MSF Access Campaign believes it is high time that essential medical tools cease to be managed by general market dynamics. The current health crisis blatantly demonstrates the inadequacy of the market to serve public health needs, even in high-income countries. MSF wtinesses every year how millions of people are left behind in low-resource settings as a result of the current pharmaceutical research and development (R&D) system.
As repeated by heads of state, international institutions and philanthropists at the ACT Accelerator launch, COVID-19 medical tools should be considered “global public goods” and should be “affordable, safe, effective, easily administered and universally available for everyone, everywhere.” Now is the time to define how this is going to happen. The upcoming pledging conference is the first opportunity to do so and should not be missed.
If COVID-19 medical tools are going to be global public goods, a collective governance – one where all contributors including low- and middle-income countries and civil society are represented – is needed.
Furthermore, transparency across the board is essential, especially considering the gravity of the pandemic. Any plans and decisions concerning COVID-19 medical tools need to be presented publicly. The agreements between stakeholders; the conditions attached to public funds; and the costs and prices at all stages of development, production and distribution must be transparent.
Technologies, data and know-how must also be shared. Public financing cannot consist of distributing blank cheques and we cannot rely on voluntary measures to ensure that lifesaving technologies are shared equitably.
Organising the development, production and supply of COVID-19 technologies and ensuring their equitable access requires that donors respond to important practical questions about how the commitments made will be used, and about the terms and conditions attached. To ensure that any public and philanthropic funds pledged on 4 May 2020 and beyond truly advance the call for “global public goods” that are accessible to all, MSF Access Campaign is raising the following questions:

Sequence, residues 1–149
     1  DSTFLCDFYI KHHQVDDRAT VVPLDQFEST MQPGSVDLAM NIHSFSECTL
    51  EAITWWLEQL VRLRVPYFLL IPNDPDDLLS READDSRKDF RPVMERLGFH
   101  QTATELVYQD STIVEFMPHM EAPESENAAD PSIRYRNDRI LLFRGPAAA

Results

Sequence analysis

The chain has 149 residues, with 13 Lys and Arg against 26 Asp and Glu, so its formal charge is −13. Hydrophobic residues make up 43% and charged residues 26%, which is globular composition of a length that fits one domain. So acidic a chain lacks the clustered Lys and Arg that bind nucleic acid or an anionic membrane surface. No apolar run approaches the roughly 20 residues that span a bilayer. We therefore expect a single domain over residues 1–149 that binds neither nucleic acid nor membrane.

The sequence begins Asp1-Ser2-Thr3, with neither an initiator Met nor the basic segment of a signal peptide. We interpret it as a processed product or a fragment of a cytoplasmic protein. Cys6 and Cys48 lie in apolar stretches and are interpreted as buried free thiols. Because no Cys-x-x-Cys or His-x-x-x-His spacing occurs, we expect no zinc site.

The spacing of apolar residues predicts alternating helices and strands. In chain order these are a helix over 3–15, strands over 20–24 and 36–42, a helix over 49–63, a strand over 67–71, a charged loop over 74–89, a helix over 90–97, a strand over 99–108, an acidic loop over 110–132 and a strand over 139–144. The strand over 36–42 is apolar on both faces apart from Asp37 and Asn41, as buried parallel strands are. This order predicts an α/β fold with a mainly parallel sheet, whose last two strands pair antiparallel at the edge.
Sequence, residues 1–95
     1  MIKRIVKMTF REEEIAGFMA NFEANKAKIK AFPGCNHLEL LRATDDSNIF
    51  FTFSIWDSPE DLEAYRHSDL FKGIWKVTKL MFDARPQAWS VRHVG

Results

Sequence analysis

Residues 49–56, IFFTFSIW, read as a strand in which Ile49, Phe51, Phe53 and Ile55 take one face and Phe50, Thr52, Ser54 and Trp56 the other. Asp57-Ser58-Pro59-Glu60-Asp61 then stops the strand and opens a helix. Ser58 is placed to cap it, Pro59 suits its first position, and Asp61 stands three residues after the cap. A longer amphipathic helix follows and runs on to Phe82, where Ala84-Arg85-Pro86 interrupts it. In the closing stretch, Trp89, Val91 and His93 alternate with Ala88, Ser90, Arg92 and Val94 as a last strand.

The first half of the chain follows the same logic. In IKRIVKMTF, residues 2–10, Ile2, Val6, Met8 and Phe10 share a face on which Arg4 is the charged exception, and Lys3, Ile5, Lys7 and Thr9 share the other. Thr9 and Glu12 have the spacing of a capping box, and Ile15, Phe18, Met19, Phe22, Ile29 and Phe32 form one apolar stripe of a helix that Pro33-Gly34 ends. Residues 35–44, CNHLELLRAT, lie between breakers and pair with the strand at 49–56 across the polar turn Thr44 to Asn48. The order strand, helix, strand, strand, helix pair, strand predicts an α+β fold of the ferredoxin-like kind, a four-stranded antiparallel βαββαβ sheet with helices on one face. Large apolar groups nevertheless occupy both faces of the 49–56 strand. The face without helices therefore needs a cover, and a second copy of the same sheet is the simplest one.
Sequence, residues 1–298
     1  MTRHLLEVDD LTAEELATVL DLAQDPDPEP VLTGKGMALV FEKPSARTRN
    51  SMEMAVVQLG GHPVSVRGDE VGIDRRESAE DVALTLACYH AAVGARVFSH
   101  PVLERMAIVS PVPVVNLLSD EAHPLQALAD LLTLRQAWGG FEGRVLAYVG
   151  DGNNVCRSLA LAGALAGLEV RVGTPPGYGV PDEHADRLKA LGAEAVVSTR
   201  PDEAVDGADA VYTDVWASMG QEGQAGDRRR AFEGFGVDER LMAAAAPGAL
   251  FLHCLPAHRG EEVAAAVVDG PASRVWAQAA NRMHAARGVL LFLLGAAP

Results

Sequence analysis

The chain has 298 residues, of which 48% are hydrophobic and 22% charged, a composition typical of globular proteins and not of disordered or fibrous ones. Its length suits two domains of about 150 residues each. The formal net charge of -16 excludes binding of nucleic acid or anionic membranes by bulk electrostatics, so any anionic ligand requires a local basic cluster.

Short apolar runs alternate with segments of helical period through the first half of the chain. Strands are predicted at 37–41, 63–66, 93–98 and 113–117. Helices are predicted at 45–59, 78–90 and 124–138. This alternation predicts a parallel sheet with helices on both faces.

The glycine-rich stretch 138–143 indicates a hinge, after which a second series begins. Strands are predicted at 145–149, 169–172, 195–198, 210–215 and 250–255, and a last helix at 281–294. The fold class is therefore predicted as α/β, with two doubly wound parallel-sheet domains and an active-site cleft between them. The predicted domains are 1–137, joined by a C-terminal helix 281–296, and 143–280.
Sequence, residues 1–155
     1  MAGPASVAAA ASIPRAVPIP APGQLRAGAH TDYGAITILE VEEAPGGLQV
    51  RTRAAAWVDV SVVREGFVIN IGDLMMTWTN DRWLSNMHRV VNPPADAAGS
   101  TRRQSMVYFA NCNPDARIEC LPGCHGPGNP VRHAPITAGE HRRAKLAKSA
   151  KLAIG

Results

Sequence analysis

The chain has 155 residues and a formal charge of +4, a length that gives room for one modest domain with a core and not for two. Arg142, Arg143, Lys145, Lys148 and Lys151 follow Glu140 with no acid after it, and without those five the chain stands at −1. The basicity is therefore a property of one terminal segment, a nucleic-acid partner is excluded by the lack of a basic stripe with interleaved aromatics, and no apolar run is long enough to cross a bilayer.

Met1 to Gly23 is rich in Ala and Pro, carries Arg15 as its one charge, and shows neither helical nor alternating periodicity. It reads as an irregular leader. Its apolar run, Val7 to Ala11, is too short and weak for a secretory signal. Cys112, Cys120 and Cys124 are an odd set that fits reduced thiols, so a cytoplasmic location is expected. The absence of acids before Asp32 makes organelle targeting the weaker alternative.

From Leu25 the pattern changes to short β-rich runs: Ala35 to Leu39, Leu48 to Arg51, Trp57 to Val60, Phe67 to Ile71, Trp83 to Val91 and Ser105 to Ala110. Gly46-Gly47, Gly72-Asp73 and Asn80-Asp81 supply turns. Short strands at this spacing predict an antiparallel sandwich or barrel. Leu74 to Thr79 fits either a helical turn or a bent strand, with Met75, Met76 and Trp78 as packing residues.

1. How will the availability of any COVID-19 medical tools developed with public funding be ensured? And how will a collective governance over COVID-19 medical tools be developed?
A considerable amount of public and philanthropic money is being pledged to an array of organisations with different strategies and access policies, yet it remains unclear who carries the final responsibility to ensure that those funds will result in COVID-19 medical tools that are accessible to all.
How and when will the World Health Organization, as the lead UN entity with the legitimacy to steward the global COVID-19 response, establish a system for the equitable allocation of COVID-19 medical tools? How will collective governance over COVID-19 medical tools be designed and organised, making sure that any decisions around allocation are inclusive, with fair representation from countries and all relevant stakeholders, including civil society organisations? How will conflicts of interest be addressed and mitigated considering the private sector’s involvement in the ACT Accelerator?